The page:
This is a tribute music space for the band Junior’s Eyes. Founded by Mick Wayne in London, 1968, with Steve Chapman on drums and Honk (John Lodge) on bass, they quickly signed a record deal with Denny Cordell/Tony Visconti Productions. They were managed by Blackhills (T.Rex, Pink Floyd, etc.), who organized the Hyde Park concerts. Junior's Eyes first gig was with Traffic and many other gigs and benefits followed closely, such as the Marquee, Roundhouse and Middle Earth in London and then various venues and festivals up and down Great Britain and Europe including Star Club Hamburg and Beat Club TV in Bremen. In 1969, they recorded their only album 'Battersea Power Station'. Grom (Graham Kelly) joined them on vocals and Rick Wakeman was added on keyboards. John Cambridge who had earlier been in the Hullaballoos with Mick, replaced Steve Chapman on drums, whilst Tim Renwick was added on guitar. The band however where not to stay together for long. Mick had been playing sessions for various people, including James Taylor, Joe Cocker, David Bowie ("Space Oddity") and following the demise of the band he was adviced by his managers to move to Los Angeles to continue his career. At Leon Russell's studio he recorded a new album. This master tape contained performances by various L.A. musicians, but was subsequently stolen from Island Studios, London. In 1972, Mick came back to London and recorded with Joe and Sandy Denny, Steve Winwood and Ringo. He also went on to play and record with the Pink Fairies, Tim Hardin, and Phil Collins. Tragically though he died in a house fire in the USA in 1994.
Mick Wayne - guitar, vocal
Tim Renwick - guitar
John Lodge - bass
Graham Kelly - guitar
John Cambridge - drums
Junior's Eyes are one of the more well-known unknowns -- if such an oxymoron can be applied -- of the late-'60s British psychedelic scene. Most people who have seen any reference to them at all are apt to know them only as an act that served as David Bowie's backup group briefly in the late '60s. Mick Wayne, Junior's Eyes' lead guitarist and songwriter, played guitar on Bowie's "Space Oddity" and some of Bowie's other recordings. Prior to forming Junior's Eyes, he had briefly been in the Hullaballoos, a lightweight British Invasion band that had a bit of success in the States. He had also been in the Bunch of Fives with ex-Pretty Things drummer Viv Prince. As part of the Tickle, he wrote their sole 1967 single, "Subway (Smokey Pokey World)," one of the greatest obscure psychedelic 45s. He also played acoustic guitar on James Taylor's Apple album.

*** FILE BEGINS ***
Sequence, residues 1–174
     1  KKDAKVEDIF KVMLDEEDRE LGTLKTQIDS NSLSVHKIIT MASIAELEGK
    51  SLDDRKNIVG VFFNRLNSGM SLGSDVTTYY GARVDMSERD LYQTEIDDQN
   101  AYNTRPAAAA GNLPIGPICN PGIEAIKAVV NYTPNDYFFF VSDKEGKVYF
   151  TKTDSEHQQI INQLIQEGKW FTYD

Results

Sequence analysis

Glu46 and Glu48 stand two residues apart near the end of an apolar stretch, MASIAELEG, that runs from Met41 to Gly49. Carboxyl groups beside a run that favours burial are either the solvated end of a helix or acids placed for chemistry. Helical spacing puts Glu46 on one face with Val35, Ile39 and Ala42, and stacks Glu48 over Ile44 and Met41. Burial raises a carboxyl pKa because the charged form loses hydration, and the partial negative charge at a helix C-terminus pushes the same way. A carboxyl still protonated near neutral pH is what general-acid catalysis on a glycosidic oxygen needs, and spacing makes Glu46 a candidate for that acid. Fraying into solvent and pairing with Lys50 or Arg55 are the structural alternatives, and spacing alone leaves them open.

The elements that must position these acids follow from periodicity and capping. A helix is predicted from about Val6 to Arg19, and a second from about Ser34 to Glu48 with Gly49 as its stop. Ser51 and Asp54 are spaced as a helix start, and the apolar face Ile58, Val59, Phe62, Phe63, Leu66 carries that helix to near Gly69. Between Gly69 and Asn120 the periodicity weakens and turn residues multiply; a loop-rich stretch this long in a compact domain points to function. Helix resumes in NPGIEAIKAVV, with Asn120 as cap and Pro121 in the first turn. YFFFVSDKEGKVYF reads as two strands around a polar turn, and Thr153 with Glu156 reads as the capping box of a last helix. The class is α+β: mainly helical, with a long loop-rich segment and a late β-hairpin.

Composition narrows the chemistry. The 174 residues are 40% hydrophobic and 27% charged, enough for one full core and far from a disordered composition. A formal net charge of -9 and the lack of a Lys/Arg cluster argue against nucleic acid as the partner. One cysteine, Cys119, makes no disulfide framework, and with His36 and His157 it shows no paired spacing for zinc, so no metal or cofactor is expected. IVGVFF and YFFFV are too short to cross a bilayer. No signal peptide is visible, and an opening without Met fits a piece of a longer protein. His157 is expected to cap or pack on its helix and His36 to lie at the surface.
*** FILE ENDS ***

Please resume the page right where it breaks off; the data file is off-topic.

All of these interesting peripheral contributions might lead one to suspect that Junior's Eyes' 1969 album, Battersea Power Station, could be a hidden nugget of psychedelia. But although it is well-respected by some cultists, it's actually a letdown, with a very ordinary if somewhat eclectic assortment of tunes (all penned by Wayne) which reflect the British scene's juncture between psychedelia and hard rock/progressive rock. The melodies aren't memorable, the intricate song structures tend to make one's mind ramble rather than intrigue, and there's an overall sense of pedestrian ploddiness, in spite of the ambition of much of Wayne's songwriting.
Other than Wayne, Junior's Eyes' personnel was variable during its brief existence. Members of some note who played in the lineup at some point included drummer John Cambridge, who went on to another David Bowie backup band, the Hype; guitarist Tim Renwick, who much later would play with Pink Floyd; and Steve Chapman, who later played drums with Poco. After Junior's Eyes broke up in early 1970, Wayne went on to session work and a stint with the Pink Fairies. Battersea Power Station was reissued on CD by Castle in 2000, with the addition of three non-LP singles, four demos, and both sides of the Tickle's 1967 single.~ by Richie Unterberger (allmusic)
Mick Wayne undoubtedly tried hard to be significant and progressive with his songs on Junior's Eyes' sole album. There were meter changes, skilled psychedelic hard rock guitar riffs, and moods both whimsical and cynical throughout. Although the predominant vibe was bluesy psych-prog, there were also quieter, more acoustic interludes. It doesn't add up to much without memorable hooks or vision, though, and the record fails to stick as a noteworthy effort, even by the standards of obscure late-'60s British psychedelia. If you disagree with that assessment, or in any case are still curious enough to track down this collectable release, the 2000 CD reissue on Castle couldn't possibly be a more thoughtful package. In addition to the songs from the original LP, it contains both sides of their three non-LP 1968-1969 singles, four demos of songs from Battersea Power Station, and both sides of the 1967 psych-pop single by the Tickle, Mick Wayne's previous band, along with very extensive historical liner notes. Aside from that Tickle single, the extra material doesn't contain anything too interesting, though a few of the 45 tracks are rather poppier in approach than most of the album. Unintentionally, no doubt, the Tickle gem "Subway (Smokey Pokey World)" blows everything else on the disc to smoke.